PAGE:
Monthly Market Review – October 2022


Rishi Sunak became prime minister of the UK on 25th October after meeting with King Charles III at Buckingham Palace. October has been a challenging month for UK politics, as the previous PM Liz Truss had to backtrack on key tax measures announced by then Chancellor Kwasi Kwarteng in mini-budget delivered on 23rd September. Truss fired Kwasi Kwarteng as chancellor, prior to her departure. Meanwhile, China’s President Xi Jinping secured a historic third term as the Communist Party’s leader.

Global equity markets recovered slightly during October after a negative performance in September. Equity markets still remain in negative territory on a yearly basis as monetary policy tightening continues. Federal Reserve and Bank of England both raised the interest rates by 75bps during its November 2022 meeting.

Market Snapshot

News & Key Events in October


• The annual inflation rate in the UK rose to 10.1% in September of 2022 from 9.9% in August, returning to the 40-year high hit in July. The annual core rate, which excludes energy, food, alcohol, and tobacco, rose to a record-high of 6.5%. On a monthly basis, consumer prices rose by 0.5% in September, unchanged from the previous month.

• Retail sales in the UK dropped 1.4% month-over-month in September of 2022, following a revised 1.7% decline in August. Year-on-year, retail sales dropped 6.9%. Compared with the pre-coronavirus level in February 2020, total retail sales were 1.3% lower.

• The British economy contracted by 0.3% month-over-month in August of 2022, following a downwardly revised 0.1% rise in July.


• In the 2022 fiscal year, the US budget deficit reached $1.375 trillion, compared with the $2.772 trillion reported in 2021. The $1.397 trillion reduction in the deficit was the largest-ever single-year improvement in the US fiscal position as receipts jumped 21% to a record of $4.896 trillion. Meanwhile, outlays for fiscal year fell by a record $550 billion, or 8% to $6.272 trillion as Covid-19-related spending declined.

• The US economy grew an annualised 2.6% on quarter in the three months to September of 2022, rebounding from a contraction in the first half of the year, which saw the GDP shrink by 0.6% in Q2 and 1.6% in Q1.


• Annual inflation rate in the Euro Area continued to break record high levels and jumped to 10.7% in October of 2022 from 9.9% in September.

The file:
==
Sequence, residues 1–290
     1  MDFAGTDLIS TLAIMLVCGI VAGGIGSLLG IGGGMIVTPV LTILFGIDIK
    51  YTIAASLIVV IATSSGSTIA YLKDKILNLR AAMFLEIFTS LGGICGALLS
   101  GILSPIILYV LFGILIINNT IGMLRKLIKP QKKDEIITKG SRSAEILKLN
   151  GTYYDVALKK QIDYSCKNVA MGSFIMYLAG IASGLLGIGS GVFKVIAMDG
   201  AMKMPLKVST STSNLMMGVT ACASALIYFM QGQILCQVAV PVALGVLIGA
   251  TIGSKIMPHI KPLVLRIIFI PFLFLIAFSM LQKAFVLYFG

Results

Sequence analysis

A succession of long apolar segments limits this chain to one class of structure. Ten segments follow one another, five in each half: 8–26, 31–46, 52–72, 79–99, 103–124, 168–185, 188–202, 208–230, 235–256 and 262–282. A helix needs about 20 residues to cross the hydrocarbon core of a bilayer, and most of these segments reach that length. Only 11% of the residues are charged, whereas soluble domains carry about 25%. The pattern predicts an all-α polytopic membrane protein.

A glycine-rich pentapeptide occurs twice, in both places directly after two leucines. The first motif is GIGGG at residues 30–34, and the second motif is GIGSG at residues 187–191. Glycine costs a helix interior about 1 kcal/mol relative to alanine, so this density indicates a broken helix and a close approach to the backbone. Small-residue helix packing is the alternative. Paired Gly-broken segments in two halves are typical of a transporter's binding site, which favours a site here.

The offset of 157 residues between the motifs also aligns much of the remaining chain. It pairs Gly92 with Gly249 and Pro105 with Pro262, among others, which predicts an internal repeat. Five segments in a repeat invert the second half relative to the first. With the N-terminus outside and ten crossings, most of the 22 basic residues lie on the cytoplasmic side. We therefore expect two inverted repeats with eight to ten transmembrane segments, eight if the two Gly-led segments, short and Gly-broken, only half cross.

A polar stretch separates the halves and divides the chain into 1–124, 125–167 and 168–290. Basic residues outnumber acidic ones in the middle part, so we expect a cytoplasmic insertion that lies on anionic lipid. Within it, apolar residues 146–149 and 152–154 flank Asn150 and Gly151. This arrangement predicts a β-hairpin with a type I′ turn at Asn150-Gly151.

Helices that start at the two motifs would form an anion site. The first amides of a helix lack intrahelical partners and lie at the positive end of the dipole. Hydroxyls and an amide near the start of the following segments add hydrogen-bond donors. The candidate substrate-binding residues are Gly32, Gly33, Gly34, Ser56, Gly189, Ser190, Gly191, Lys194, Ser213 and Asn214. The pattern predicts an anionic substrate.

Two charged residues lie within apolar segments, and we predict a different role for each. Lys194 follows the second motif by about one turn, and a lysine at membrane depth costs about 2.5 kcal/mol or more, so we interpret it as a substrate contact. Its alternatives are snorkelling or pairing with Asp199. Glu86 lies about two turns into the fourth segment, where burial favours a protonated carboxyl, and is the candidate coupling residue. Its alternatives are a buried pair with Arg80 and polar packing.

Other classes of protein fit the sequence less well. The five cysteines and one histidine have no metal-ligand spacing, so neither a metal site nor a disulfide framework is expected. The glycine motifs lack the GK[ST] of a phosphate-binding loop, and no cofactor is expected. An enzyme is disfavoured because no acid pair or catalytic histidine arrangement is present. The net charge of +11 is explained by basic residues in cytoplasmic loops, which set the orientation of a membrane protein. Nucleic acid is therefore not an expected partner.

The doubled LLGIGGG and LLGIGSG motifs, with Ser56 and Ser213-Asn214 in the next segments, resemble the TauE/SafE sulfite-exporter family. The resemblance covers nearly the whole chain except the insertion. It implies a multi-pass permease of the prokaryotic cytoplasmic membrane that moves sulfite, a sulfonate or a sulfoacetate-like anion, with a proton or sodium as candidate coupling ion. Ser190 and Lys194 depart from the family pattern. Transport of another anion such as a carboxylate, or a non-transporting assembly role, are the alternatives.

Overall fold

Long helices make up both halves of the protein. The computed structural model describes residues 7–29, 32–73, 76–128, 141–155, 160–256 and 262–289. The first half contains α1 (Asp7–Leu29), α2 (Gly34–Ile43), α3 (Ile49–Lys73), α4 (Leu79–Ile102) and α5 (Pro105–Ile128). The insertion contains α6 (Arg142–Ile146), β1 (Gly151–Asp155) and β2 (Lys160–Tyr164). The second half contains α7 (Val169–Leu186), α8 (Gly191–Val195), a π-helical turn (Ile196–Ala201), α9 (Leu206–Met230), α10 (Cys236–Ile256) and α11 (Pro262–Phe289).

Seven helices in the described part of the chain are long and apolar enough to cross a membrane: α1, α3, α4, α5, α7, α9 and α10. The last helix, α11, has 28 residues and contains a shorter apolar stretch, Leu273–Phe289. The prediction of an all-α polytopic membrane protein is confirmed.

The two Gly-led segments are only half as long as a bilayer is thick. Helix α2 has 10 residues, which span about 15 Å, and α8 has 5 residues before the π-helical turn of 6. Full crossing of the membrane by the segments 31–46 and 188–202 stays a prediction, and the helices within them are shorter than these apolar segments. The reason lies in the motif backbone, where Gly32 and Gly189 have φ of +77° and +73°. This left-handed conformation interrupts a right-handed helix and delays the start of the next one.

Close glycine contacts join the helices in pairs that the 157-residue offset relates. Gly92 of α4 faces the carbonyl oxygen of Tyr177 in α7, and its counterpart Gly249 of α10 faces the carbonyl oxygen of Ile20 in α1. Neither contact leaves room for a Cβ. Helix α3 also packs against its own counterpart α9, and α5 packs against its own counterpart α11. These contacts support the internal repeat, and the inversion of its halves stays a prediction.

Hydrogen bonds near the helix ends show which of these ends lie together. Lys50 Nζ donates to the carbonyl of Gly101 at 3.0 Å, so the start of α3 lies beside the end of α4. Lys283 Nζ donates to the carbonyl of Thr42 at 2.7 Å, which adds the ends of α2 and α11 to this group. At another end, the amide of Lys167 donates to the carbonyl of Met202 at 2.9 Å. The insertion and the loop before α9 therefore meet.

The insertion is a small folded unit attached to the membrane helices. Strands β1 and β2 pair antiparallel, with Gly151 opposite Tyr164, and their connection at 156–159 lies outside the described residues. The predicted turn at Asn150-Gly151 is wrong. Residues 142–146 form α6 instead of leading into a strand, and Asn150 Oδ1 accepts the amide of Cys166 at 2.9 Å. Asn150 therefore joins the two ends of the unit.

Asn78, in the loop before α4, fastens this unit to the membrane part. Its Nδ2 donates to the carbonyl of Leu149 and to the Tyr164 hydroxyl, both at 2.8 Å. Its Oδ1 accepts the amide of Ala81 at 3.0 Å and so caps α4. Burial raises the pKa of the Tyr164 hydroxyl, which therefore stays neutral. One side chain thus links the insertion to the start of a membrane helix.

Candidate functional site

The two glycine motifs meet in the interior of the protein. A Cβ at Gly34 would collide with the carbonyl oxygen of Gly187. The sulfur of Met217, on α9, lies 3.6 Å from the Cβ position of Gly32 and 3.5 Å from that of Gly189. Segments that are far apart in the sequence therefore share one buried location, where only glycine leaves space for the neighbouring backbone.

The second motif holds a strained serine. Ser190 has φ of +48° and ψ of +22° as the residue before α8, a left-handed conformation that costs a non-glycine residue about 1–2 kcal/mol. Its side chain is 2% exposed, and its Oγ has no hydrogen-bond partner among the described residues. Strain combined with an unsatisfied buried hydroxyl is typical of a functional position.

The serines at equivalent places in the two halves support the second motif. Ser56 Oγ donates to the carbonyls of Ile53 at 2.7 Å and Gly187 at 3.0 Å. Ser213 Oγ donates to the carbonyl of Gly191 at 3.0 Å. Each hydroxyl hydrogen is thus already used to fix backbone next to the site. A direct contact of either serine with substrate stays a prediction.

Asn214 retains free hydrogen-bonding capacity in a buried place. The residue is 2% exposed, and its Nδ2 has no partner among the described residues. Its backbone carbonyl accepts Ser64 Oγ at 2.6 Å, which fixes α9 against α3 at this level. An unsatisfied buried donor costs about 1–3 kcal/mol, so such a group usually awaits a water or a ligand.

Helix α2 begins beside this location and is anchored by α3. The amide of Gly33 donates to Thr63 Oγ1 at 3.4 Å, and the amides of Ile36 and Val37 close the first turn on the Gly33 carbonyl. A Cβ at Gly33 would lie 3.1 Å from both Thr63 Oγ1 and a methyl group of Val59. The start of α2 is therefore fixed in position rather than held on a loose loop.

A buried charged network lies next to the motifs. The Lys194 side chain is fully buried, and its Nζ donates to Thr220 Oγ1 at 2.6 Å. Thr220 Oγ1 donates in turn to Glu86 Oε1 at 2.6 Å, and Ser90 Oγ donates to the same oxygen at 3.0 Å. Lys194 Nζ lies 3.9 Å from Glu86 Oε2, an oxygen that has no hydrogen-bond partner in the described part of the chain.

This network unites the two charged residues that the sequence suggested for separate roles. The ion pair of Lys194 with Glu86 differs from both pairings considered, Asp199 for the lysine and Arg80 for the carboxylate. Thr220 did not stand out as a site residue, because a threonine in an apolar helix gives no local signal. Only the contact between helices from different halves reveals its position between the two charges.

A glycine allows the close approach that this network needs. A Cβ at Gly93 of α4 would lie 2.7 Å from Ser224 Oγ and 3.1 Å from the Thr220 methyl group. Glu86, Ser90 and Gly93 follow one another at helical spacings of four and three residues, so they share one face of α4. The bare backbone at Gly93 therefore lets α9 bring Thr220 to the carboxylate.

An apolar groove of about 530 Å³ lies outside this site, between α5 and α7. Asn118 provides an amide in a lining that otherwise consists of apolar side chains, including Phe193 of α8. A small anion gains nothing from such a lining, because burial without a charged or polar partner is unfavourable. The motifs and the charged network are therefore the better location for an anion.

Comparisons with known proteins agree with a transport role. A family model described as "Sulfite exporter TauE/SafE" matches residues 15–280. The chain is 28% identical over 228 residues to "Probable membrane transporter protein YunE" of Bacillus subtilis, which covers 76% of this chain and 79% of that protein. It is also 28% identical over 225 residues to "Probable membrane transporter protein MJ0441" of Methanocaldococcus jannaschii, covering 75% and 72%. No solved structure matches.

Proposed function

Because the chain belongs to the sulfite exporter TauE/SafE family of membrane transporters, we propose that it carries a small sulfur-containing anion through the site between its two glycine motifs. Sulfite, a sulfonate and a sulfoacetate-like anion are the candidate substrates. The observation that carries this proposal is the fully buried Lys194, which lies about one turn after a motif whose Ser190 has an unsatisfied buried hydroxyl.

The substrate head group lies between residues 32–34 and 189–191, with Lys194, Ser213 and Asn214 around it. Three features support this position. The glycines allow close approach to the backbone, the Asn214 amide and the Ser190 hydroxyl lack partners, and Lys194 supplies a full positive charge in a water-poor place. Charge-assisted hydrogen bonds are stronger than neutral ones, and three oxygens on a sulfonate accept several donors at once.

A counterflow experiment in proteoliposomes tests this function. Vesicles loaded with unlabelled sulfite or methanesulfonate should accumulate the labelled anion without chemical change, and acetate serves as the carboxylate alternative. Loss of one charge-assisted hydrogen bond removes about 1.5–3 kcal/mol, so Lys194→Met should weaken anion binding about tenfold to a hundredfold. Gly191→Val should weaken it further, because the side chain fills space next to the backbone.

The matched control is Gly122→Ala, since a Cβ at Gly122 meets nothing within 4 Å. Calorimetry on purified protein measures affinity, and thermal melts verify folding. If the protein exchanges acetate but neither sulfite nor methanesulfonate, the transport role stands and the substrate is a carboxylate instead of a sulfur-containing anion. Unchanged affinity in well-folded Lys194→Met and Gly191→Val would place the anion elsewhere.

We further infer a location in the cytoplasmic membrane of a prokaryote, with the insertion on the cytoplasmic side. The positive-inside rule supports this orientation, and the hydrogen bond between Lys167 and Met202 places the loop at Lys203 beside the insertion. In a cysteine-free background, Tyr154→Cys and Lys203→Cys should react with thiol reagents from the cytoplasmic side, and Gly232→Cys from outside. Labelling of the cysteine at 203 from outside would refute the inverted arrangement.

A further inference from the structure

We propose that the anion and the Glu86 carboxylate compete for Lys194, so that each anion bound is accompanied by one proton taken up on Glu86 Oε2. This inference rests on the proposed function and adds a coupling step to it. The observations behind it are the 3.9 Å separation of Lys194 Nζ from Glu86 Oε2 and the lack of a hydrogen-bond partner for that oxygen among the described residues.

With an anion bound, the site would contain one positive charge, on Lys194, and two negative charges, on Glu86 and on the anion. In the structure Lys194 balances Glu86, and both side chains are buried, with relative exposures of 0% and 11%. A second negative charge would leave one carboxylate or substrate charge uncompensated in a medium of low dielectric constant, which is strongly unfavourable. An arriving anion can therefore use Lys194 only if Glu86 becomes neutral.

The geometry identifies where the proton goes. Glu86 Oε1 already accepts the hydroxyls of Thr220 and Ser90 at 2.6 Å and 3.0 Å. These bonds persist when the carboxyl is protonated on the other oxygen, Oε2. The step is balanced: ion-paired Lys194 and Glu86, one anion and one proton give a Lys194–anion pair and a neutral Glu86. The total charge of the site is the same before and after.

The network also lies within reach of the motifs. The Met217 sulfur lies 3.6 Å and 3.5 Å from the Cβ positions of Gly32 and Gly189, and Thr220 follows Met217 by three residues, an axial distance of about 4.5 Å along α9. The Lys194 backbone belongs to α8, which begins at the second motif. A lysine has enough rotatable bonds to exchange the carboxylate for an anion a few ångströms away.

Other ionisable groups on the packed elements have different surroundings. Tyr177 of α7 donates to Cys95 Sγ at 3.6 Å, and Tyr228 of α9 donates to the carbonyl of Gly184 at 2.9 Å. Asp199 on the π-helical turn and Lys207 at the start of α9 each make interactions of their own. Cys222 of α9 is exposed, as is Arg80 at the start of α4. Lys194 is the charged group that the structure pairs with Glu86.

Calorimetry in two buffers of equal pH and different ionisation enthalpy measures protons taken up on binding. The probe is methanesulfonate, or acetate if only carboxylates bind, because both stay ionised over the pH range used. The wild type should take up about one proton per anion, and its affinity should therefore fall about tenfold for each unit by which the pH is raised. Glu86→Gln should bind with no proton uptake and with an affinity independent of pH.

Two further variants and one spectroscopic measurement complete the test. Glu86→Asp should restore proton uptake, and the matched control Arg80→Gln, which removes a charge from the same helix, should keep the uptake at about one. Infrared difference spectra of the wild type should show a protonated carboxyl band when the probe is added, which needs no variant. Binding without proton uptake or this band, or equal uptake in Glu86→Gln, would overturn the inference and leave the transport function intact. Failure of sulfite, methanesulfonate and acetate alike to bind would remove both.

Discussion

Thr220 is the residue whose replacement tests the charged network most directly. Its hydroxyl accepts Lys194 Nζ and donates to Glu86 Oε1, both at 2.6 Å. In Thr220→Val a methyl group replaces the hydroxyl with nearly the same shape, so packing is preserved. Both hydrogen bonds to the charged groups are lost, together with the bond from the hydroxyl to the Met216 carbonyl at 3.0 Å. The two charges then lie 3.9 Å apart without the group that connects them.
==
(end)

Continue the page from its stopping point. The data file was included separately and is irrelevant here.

• Germany’s economy grew by 0.3% on quarter in the three months to September 2022, following a 0.1% expansion in the previous period. On a yearly basis, German GDP advanced by 1.2% in the third quarter.

• The Euro Area economy expanded 0.2% on quarter in the three months to September of 2022, following a 0.7% growth in Q2. It was the weakest GDP growth since the rebound from Covid-19 restrictions in Q2 2021. Year-on-year, Euro Area’s GDP advanced by 2.1%.


• The Chinese economy advanced 3.9% year-on-year in Q3 of 2022, exceeding market consensus of 3.4% and picking up from a 0.4% growth in Q2, boosted by various measures to revive economic activity. For the first nine months of the year, China’s GDP grew by 3%.


• Russian president Putin announces Russian annexation of four Ukrainian r• The Bank of Canada raised the target for its overnight rate by 50bps to 3.75% in its October 2022 meeting. This marks the sixth consecutive rate hike, pushing borrowing costs to their highest since 2008.

• The annual inflation rate in Australia climbed to 7.3% in Q3 of 2022 from 6.1% in Q2, above market forecasts of 7%.


Data Performance Data as at 31 October 2022. Past performance is not a reliable indicator of current or future returns. This overview contains general information only and does not consider individual objectives, taxation position or financial needs. Nor does this constitute a recommendation of the suitability of any investment strategy for a particular investor. It is not an offer to buy or sell or a solicitation of an offer to buy or sell any security or instrument or to participate in any trading strategy to any person in any jurisdiction in which such an offer or solicitation is not authorised or to any person to whom it would be unlawful to market such an offer or solicitation.